test Browse by Author Names Browse by Titles of Works Browse by Subjects of Works Browse by Issue Dates of Works

Advanced Search
& Collections
Issue Date   
Sign on to:   
Receive email
My Account
authorized users
Edit Profile   
About T-Space   

T-Space at The University of Toronto Libraries >
Mount Sinai Hospital  >
Pawson, Tony >

Please use this identifier to cite or link to this item: http://hdl.handle.net/1807/9433

Title: SH2 domain specificity and activity modified by a single residue
Authors: Marengere, Luc E. M.
Zhou, Songyang
Gish, Gerald D.
Schaller, Michael D.
Parsons, J. Thomas
Stern, Michael J.
Cantley, Lewis C.
Pawson, Tony
Keywords: Adaptor Proteins, Signal Transducing
Caenorhabditis elegans Proteins
Drosophila Proteins
Focal Adhesion Protein-Tyrosine Kinases
GRB2 Adaptor Protein
Issue Date: 1994
Publisher: Nature Publishing Group
Citation: Nature. 1994 Jun 9;369(6480):502-5.
Abstract: Many intracellular targets of protein-tyrosine kinases possess Src homology 2 (SH2) domains that directly recognize phosphotyrosine- containing sites on autophosphorylated growth factor receptors and cytoplasmic proteins, and thereby mediate the activation of biochemical signalling pathways1 -7. SH2 domains possess relatively well conserved residues that form the phosphotyrosinebinding pocket8-11, and more variable residues that are implicated in determining binding specificity by recognition of the three amino acids carboxy-terminal to phosphotyrosine (the +1 to +3 positions)5,7,12,13. One such residue, occupying the EF1 position of the +3-binding pocket, is a Thr in the SH2 domain of the Src tyrosine kinase 12, but is predicted to be a Trp in the SH2 domain of the Sem-5/drk/Grb2 adaptor protein5. Here we report that changing this residue in the Src SH2 domain from Thr to Trp switches its selectivity to resemble that of the Sem-5/drk/Grb2 SH2 domain. Furthermore, this mutant Src SH2 domain effectively substitutes for the SH2 domain of the Sem-5 protein in activation of the Ras pathway in vivo. These results identify a residue that can modify SH2 selectivity, and indicate that the biological activity of an SH2 domain correlates with its binding specificity.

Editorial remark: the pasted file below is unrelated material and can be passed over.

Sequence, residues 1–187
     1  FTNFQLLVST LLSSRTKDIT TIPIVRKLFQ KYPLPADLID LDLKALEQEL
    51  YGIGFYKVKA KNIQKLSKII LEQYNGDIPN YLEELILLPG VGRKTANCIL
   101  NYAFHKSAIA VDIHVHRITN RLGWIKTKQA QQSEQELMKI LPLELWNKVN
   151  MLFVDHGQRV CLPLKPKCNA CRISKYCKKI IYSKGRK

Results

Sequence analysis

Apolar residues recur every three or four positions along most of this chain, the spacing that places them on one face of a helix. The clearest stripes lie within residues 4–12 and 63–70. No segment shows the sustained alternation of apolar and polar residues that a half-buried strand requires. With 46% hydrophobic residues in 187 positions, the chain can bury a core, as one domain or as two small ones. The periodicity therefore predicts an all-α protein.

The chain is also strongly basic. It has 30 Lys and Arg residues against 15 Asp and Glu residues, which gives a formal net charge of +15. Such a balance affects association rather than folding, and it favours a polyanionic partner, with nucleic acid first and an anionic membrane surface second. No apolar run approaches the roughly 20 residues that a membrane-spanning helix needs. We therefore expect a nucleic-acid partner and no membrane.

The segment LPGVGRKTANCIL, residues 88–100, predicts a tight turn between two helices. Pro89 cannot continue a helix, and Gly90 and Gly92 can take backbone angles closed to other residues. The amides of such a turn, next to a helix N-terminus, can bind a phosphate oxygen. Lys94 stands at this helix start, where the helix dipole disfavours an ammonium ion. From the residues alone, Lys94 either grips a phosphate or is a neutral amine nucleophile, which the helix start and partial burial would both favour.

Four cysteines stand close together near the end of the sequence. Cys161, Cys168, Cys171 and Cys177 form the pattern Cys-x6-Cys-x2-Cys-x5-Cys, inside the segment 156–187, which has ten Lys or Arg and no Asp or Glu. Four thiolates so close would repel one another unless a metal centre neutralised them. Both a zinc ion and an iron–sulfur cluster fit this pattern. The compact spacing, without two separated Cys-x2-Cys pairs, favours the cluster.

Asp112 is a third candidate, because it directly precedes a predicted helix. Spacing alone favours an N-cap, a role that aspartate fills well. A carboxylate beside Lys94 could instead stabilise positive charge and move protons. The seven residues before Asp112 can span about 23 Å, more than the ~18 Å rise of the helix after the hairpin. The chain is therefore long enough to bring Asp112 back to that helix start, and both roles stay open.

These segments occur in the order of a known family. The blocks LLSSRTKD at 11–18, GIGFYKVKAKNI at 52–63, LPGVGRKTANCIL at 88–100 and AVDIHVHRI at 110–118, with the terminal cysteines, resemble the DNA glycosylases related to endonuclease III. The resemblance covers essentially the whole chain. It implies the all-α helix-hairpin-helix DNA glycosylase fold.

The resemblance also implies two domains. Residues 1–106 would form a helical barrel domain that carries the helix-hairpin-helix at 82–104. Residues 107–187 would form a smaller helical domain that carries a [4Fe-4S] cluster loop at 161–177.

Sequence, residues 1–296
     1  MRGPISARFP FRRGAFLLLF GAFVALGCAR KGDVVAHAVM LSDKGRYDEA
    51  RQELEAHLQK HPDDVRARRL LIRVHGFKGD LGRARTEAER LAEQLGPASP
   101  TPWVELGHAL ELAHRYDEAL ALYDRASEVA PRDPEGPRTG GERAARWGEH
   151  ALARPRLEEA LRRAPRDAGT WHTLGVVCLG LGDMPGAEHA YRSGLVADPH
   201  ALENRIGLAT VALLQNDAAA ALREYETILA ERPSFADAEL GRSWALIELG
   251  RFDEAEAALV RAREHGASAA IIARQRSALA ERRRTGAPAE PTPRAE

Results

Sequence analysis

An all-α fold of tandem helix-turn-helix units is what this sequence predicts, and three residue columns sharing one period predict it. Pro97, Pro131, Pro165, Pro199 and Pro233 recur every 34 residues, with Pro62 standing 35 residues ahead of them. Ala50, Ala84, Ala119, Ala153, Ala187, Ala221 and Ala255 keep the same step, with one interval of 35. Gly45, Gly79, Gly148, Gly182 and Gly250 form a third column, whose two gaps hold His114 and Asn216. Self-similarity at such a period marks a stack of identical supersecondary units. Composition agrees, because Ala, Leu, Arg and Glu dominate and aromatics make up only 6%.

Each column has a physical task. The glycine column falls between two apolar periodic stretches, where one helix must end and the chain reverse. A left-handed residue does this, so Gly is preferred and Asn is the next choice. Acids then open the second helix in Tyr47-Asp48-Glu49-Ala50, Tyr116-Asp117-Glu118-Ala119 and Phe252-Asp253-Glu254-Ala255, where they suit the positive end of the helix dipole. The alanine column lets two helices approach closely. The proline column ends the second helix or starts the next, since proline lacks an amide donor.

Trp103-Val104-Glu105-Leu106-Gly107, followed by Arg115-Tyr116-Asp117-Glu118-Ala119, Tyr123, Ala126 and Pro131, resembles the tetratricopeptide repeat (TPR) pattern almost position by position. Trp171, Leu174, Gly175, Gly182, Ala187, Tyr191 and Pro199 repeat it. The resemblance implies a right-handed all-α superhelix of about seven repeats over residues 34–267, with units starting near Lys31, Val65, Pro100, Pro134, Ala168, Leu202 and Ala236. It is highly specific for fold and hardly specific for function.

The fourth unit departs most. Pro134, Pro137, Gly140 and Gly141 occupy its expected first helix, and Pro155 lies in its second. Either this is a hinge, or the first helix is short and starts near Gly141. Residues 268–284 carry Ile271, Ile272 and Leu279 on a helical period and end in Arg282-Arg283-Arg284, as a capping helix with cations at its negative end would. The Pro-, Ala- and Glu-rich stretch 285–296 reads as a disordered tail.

URI: http://www.nature.com
Appears in Collections:Pawson, Tony
Pawson, Tony

Files in This Item:

File Description SizeFormat
Bidirectional signalling through the EPH.pdf598.68 kBAdobe PDF

This item is licensed under a Creative Commons License
Creative Commons

Items in T-Space are protected by copyright, with all rights reserved, unless otherwise indicated.